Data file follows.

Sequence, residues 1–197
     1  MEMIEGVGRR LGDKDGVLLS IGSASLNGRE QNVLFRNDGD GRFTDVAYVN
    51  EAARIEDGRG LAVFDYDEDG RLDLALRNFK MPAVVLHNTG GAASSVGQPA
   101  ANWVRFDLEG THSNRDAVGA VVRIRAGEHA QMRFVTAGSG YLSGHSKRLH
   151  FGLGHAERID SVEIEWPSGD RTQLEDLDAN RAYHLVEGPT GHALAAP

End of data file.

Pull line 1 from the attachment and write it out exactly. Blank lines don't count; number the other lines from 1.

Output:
Sequence, residues 1–197